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COVID-19 and the Technology Industry Impact

March 25, 2020

Thomas Porricelli

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All of us have been consumed by suggestions for how to protect our own health and welfare, as well as that of our families, employees, and friends from COVID-19, in addition to adhering to advice on how to protect the health of our business. As much of the technology industry works to offer a path to fight this pandemic, a lot of start-up and medium-sized companies will see less product introductions, lower revenue projections, and cash flow shorts, which in turn may affect the company’s workforce and production. 

Here are a few things to consider as we all face these unforeseen times:

Cash Runway/Capital Spending
Do you really have as much liquidity as you think? How many quarters are you able to float? Where could you trim expenses without hurting the fundamentals of the business? Does your company have a contingency plan? Companies should reassess their current spending plans and goals and identify where they could trim some of their expenses, such as variable expenses, advertising, and non-essential work–orders, while holding off on any large purchases. This could affect how your company views headcount and evaluates how they could do more with less for the near future.

Fundraising/VCs
Companies should speak with their investors to understand how this may impact future fundraising, as the COVID-19-related economic crisis could continue into the backend of 2020, similar to the downturns in 2001 and 2009. How could you turn the challenges you are facing now into an enduring opportunity in the future?

Supply Chain Disruptions
The unprecedented global lockdown is affecting global supply chains. Hardware, direct-to-consumer, and retailing companies may need to find alternative suppliers. Pure software companies are less exposed to supply chain disruptions but remain at risk due to cascading economic effects.

Marketing
These times may call for companies to pull back the reins and revalue customer acquisitions and their related marketing spends with so much uncertainty regarding future fundraising.

Sales Forecasts/Projections
Companies should reassess current and future deal flows as customers begin to alter their spending habits and deals that were near their final stages may now be considered unnecessary. Companies should monitor customers to ensure that they will comply with their contractual obligations, including timely payment. In anticipation of disruptions, technology companies should formulate a plan for managing communications with other parties, keeping in mind that strategic considerations may be involved when deciding whether to take further steps or not. Additionally, companies should stay vigilant as it relates to collections, as customers may look to extend payment terms to preserve cash.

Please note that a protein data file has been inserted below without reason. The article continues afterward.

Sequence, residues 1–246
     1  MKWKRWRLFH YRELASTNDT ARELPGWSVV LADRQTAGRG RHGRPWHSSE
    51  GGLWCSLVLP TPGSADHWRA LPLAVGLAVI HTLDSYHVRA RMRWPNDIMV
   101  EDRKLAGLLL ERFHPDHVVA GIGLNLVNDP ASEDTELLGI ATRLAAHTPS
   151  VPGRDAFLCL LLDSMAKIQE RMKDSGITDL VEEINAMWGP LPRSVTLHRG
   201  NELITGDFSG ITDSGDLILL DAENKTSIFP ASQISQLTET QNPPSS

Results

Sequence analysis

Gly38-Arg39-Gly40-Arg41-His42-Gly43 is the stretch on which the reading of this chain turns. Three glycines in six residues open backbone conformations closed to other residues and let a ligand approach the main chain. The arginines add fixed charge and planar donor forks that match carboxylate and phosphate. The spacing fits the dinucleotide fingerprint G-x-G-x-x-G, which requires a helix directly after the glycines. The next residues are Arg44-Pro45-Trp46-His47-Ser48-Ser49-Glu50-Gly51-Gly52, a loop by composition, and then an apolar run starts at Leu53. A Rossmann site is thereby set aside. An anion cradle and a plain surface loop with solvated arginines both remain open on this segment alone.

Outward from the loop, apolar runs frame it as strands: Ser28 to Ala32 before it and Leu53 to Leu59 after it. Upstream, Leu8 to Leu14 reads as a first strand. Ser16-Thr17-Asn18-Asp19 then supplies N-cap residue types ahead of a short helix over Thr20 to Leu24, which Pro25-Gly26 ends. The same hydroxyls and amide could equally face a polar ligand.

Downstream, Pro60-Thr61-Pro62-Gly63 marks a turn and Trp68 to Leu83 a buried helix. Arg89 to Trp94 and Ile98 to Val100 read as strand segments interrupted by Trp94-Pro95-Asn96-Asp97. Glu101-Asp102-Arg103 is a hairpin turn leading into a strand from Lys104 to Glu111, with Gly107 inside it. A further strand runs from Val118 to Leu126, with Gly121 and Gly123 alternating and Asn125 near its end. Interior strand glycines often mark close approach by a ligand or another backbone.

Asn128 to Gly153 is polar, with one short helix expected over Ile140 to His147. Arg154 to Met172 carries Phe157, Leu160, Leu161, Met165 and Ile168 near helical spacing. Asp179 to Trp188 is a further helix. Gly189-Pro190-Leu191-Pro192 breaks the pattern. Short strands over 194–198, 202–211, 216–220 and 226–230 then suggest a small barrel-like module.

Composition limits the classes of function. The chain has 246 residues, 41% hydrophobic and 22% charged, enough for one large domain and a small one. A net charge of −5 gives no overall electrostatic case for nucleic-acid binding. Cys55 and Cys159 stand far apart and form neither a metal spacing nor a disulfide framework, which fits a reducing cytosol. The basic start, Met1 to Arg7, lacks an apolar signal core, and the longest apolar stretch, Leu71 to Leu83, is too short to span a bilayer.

Paid Leave and Employer Tax Credit
Treasury, IRS, and Labor recently announced a plan to implement coronavirus-related paid leave for workers and tax credits for small and midsize businesses to swiftly recover the cost of providing coronavirus-related leave. Read the full news release here.

Reporting Requirements
Public and private companies should review and make accurate required disclosures in the event that their business operations are impacted and a “triggering event” may have occurred. All companies who have credit agreements and other financing arrangements should review existing financial and non-financial covenants and clauses, and the potential impacts on these financial covenants, in order to determine whether any preemptive discussions with their lenders may be necessary.

Insurance
Companies should review insurance policies to determine possible coverage in the event of a business disruption and comply with all applicable notice requirements. Companies may also review the possibility of obtaining business interruption insurance. Regardless, businesses should evaluate their coverage.

Cybersecurity
As governments require or recommend office and school closures to prevent or slow the spread of the coronavirus, many companies may decide to implement or expand employee work-from-home programs. These programs allow for business continuity, but they also pose increased cybersecurity risks by creating several additional avenues for unauthorized access to company systems and information. Therefore, companies should review their current cybersecurity controls and whether they must be enhanced prior to initiating or significantly expanding remote working technology. For example, best practices require implementation of two-factor authentication for accessing company networks, webmail, and encryption on laptops and mobile devices. Companies should ensure adequate physical security and access controls for information technology assets during preparations for extended office closures. Additionally, policies that govern the acceptable use of company systems and devices as well as the transfer and storage of company information are essential. Employees working remotely are more likely to forward company information to personal email accounts or to store information on unprotected laptops or other mobile devices. Therefore, training or reminders about such policies is critical.